One of my all-time favorite graphic novels - now made into a movie! A young girl is caught between reality and her need to save the town from imaginary giants. The reason she has created this fictional world, that seems all too real to her, will break your heart. She struggles against the usual teen angst (bullying, social interactions, fitting in, etc), but everything is magnified for her.

El Deafo.JPG

The begins with a small child who gets Meningitis. As a father to a son who has Mollarett's Meningitis, I was struck hard from the very beginning. He went through many of the same tests and ordeals as the main character. However, unlike my son, she loses her hearing. The main character then has to learn how to adjust to a hearing aid, a new school, etc. This story really gives an amazing insight into a world that most of us have no experience with and cannot fathom. Really a great learning tool for many reasons - being kind and empathetic, understanding how we are all different, finding your people and acceptance. As a teacher and a parent, this book was amazingly eye-opening. She is able to turn her disability into a superpower and identifies with Batman and his tech... As an autobiographical story, I found this book empowering and love it!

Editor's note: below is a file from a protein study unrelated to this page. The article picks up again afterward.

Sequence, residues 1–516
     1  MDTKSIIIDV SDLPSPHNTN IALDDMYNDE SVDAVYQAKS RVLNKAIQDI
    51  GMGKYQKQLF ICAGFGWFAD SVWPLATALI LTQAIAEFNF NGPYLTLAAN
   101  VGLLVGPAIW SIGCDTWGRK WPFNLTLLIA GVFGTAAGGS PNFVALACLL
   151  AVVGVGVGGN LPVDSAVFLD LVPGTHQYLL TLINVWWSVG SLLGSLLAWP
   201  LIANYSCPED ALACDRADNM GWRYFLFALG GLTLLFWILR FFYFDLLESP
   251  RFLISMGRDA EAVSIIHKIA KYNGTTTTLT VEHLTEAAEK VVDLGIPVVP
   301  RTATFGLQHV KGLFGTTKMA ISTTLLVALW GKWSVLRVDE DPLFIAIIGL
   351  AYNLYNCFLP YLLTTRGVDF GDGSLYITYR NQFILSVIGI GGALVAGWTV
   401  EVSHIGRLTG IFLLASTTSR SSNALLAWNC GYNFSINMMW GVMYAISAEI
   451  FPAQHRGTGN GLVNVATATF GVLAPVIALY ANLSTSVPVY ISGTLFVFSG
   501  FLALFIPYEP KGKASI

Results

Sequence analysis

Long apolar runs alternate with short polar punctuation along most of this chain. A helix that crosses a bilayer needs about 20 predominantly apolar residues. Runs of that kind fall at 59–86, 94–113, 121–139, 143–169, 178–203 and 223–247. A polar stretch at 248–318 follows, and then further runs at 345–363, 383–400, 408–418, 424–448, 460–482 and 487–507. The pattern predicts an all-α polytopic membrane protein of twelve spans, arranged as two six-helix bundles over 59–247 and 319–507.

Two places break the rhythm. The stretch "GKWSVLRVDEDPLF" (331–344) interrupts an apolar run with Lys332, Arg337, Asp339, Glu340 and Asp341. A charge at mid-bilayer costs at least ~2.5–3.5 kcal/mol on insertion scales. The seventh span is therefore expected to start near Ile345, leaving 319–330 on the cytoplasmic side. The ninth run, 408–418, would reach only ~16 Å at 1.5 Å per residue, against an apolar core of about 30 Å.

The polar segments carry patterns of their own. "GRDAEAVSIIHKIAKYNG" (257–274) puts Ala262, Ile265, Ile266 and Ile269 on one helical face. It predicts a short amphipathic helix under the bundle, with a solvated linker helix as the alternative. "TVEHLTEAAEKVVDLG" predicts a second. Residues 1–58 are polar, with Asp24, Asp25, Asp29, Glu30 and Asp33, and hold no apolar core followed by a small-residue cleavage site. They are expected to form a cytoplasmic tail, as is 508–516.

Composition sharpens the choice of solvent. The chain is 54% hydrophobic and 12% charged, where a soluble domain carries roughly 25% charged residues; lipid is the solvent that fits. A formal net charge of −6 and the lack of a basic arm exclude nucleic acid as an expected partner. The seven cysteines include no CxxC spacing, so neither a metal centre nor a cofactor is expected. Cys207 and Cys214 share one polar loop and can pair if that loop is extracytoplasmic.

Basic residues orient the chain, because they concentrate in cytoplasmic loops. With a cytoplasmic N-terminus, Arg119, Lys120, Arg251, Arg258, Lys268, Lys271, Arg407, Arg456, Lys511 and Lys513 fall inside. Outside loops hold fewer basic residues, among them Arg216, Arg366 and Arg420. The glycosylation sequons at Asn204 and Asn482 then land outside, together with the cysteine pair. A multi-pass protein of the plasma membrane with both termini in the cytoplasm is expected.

Surviving Middle School...


An amazing collection of women throughout history and in all types of jobs and countries. 


Amazingly researched look into a fascinating woman who is often overlooked. 


I absolutely love the chapter books, comics, action figures, and Legos centered on this title. Shea Fontana is such an amazing author and an inspiration for kids (and adults) everywhere. I will be eternally grateful that she donated money to our after school program for at-risk kids. We were able to purchase several of these amazing books for the kids' library!


Louise Michel - revolutionary feminist who defended the Paris Commune of 1871. After capture, she later helped an indigenous uprising against the French government!